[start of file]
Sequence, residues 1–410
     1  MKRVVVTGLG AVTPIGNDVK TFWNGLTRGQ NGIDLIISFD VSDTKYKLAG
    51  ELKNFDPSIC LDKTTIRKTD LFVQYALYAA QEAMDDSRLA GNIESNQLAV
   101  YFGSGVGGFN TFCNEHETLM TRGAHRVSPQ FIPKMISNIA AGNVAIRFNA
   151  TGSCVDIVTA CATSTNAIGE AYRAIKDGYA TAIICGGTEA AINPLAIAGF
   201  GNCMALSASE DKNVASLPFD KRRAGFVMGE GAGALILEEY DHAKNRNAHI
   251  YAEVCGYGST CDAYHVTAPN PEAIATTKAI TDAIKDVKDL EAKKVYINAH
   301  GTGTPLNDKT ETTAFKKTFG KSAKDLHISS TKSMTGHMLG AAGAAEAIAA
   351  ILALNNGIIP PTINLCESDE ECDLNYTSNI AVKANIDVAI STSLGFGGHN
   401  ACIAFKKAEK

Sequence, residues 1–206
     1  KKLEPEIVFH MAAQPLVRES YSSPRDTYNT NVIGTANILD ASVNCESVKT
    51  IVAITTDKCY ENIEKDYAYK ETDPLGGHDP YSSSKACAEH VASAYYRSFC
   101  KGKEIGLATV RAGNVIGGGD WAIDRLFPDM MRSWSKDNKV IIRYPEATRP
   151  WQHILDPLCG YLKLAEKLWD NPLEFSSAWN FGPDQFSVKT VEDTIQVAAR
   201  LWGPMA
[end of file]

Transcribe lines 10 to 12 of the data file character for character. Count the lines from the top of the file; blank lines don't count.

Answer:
   401  ACIAFKKAEK

Sequence, residues 1–206
     1  KKLEPEIVFH MAAQPLVRES YSSPRDTYNT NVIGTANILD ASVNCESVKT